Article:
Cambodia – Photo by:Jean Willerlin

The Flight Deck

Our weekly travel dispatch from the Internet Wasteland

Floating Purgatory: “There is a tradition of rural pluralism in Cambodia that belies its recent history of racial violence. Most of the floating villages I saw were peaceful mélanges of Vietnamese, Khmer and Cham fishers, and many of the people I met, including Hoarith, were the product of mixed Khmer and Vietnamese marriages. But everyone seemed to agree that floating villages were traditionally a Vietnamese way of life, enlarged out of economic necessity to include other groups. Today the ethnic Vietnamese live on the water because they are not able to live elsewhere. Neither documented citizen nor, in most cases, immigrant, they are what the government has sometimes described as “nonimmigrant foreigners.” They cannot attend public schools or open bank accounts, get a driver’s license or a factory job or own land or property. Their children are not issued birth certificates, precipitating a generational cycle of de facto statelessness.” Most culture and travel stories focus on the people with a nation… this one does not: A People in Limbo, Many Living Entirely on the Water

The Path: “Before coming to Morocco, I had read a lot about unauthorized “guides” selling trips to tourists that turned out to be less than promised. And in my short time here, particularly in Marrakech, I had become reflexively suspicious of unsolicited human contact. Most people vying for my attention, whether they were giving directions, selling carpets, or simply standing with outstretched arms, seemed to have the same goal: to separate me from my dirhams. The first Arabic word I had picked up was la: “no.” But in this little town, we had needed something, and Icho had come. Could I trust him? If I kept saying no, would we miss out on the adventure we had come here for?

We said yes.” On an epic bike trip through the Atlas Mountains and the Sahara Desert, a pair of travelers learns when to say yes to adventure.

We Keep it Rocking: “They don’t pull us over or search us when we’re on the horses,” Mr. Harris said while riding a dark brown horse named Koda as two police cars slowly drove past him on a recent trip to the store. “They would have thought we were gangbangers and had guns or dope on us if we weren’t riding, but these horses protect us from all of that.”

The Compton Cowboys, composed of 10 friends who have known one another since childhood, but officially came together as a group in 2017, are on a mission to combat negative stereotypes about African-Americans and the city of Compton through horseback riding.

The tight-knit group first met more than 20 years ago as members of the Compton Jr. Posse, a nonprofit organization founded by Mayisha Akbar in Richland Farms, a semirural area in Compton that has been home to African-American horse riders since the mid-20th century. Like other nonprofits, the Compton Jr. Posse and the Compton Cowboys rely heavily on donations from alumni, government grants and local community support used to sustain the cost of the horses on the ranch.” For the Compton Cowboys, Horseback Riding Is a Legacy, and Protection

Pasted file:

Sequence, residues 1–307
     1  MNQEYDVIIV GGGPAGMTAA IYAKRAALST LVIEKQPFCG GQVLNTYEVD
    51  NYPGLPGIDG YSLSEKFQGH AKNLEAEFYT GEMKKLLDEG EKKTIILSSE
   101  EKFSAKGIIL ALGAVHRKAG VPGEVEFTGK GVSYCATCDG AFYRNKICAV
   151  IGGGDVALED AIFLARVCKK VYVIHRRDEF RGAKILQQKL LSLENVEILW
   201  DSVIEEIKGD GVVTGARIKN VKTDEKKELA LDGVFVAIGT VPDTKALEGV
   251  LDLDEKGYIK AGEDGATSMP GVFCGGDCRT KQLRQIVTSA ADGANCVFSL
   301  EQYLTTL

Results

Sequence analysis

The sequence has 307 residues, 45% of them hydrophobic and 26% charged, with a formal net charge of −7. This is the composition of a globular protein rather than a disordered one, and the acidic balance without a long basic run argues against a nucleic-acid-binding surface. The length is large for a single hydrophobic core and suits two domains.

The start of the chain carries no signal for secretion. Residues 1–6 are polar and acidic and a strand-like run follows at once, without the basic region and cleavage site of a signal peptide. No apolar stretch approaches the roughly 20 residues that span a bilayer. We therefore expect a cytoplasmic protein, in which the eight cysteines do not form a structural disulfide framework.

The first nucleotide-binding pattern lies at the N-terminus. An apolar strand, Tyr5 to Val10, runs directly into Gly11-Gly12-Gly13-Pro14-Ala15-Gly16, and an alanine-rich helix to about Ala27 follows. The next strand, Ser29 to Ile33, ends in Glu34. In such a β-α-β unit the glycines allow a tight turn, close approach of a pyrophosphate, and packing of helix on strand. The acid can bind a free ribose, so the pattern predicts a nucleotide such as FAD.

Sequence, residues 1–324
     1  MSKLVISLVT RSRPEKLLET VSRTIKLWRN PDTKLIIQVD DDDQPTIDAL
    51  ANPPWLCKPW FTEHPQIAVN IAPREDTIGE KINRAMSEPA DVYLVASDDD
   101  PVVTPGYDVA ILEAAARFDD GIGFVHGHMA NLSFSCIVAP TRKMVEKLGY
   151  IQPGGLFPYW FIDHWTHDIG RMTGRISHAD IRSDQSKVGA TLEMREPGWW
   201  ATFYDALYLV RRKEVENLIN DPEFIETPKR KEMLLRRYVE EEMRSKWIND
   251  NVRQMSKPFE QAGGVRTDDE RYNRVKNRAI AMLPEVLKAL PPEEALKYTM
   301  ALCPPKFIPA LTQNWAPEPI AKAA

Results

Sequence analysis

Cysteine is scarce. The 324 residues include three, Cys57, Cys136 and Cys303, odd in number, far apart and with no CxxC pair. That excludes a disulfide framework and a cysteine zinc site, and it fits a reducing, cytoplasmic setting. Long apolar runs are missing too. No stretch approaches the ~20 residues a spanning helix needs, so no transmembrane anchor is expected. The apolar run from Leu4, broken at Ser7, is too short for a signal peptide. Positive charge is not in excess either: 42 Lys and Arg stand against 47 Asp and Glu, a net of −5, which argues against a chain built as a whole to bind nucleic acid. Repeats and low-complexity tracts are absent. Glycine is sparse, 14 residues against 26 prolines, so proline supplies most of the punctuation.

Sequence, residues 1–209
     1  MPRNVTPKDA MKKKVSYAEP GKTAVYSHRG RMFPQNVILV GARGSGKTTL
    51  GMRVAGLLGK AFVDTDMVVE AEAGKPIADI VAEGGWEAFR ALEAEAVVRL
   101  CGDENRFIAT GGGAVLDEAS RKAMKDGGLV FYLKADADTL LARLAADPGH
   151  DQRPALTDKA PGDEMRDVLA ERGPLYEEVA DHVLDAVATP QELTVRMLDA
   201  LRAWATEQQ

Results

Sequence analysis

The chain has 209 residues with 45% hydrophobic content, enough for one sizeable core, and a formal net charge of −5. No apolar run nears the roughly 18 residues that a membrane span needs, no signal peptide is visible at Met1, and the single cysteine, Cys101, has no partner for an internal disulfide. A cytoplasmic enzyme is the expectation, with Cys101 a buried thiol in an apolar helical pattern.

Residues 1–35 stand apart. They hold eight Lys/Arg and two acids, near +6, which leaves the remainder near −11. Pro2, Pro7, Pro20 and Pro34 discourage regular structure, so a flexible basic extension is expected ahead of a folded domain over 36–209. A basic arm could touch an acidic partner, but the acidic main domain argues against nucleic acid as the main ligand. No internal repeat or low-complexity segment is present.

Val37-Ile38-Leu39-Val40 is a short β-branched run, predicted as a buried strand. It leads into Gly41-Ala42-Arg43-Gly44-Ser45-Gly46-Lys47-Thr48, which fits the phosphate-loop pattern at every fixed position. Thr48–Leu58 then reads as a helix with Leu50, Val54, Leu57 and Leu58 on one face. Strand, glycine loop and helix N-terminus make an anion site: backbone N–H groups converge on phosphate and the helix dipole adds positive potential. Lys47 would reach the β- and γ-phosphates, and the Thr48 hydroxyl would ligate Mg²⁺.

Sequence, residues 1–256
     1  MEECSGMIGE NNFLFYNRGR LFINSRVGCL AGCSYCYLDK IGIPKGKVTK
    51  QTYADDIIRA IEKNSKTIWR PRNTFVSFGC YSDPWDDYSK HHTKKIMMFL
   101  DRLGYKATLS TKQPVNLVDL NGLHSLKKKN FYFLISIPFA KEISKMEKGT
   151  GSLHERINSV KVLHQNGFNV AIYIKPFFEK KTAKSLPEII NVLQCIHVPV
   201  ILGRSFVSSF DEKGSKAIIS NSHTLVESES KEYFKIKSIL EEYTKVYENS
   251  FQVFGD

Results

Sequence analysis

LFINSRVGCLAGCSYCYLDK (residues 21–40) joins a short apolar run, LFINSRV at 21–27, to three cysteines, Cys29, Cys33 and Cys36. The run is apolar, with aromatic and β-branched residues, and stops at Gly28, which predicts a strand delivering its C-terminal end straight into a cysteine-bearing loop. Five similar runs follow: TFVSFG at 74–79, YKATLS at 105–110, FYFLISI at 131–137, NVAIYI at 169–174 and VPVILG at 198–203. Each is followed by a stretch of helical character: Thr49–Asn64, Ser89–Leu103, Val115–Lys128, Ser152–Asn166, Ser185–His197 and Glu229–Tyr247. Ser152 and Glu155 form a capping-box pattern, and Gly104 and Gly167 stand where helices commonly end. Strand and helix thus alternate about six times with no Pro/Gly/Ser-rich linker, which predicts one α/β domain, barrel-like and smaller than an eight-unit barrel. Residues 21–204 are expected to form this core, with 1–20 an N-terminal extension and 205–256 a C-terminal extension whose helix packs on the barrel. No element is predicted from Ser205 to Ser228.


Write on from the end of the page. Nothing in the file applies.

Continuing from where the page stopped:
All the Feels: In our feel good story of the week: Jarah al-Hawamdeh, a Palestinian refugee in Jordan who lost one of his legs to cancer, has vowed to reach the summit of Mount Everest in hopes of saving his cash-strapped school. Everyday our world has the capacity to inspire and amaze if you look closely enough.

The Business of Travel

How to Win Friends and Influence People: “Flight time from U.S. cities remains one of the biggest obstacles to convincing Americans, one of Australia’s largest and most valuable visitor markets, to book trips. “I’ve often been in L.A. and people have said to me, ‘oh, the flight is 18 hours,’” said Ronson.

“I tell them ‘no, it’s not, it’s not,’” she said. “We work really closely with our airline partners to package up the right message to say look, it really is a few movies, a glass of wine, and a bit of a sleep and then you wake up and you’re in Australia. We work really hard to break down those time-cause distance barriers.” Skift gets down to the important things in life: Tourism Australia Deploys Influencers to Overcome Long Flight Stereotype (*Looks at flight time to Australia*)

Fecal Matter: In the weirdest story I’ve heard in a long time: A Canadian man has been “pardoned” by a luxury hotel after his room was ransacked by a flock of pepperoni-loving seagulls nearly two decades ago. Did they finally crack the cold case after two decades? Were there a new avian bird print analysis used that is only available in 2018? So many questions…

Ready. Set. Listen.

Kevin Kelly, Photographing and Backpacking Asia during the 1970’s | On Margins: “Technologist, futurist, author, and photographer Kevin Kelly discusses traveling during the golden age of global exploration. We cover how photography has changed over the years, his decades investigating Asia in the 1970s and 80s, and how he self-produced (eventually getting it published by Taschen!) his Asia Grace book in the 90s. ”

If you have stories about vengeful seagulls, nostalgic travel memories or heroic travel plans, feel free to forward them to If you are a blogger, vlogger or even the descendant of Luke Skywalker and you want us to highlight your content in further dispatches, feel free to send us a message as well.

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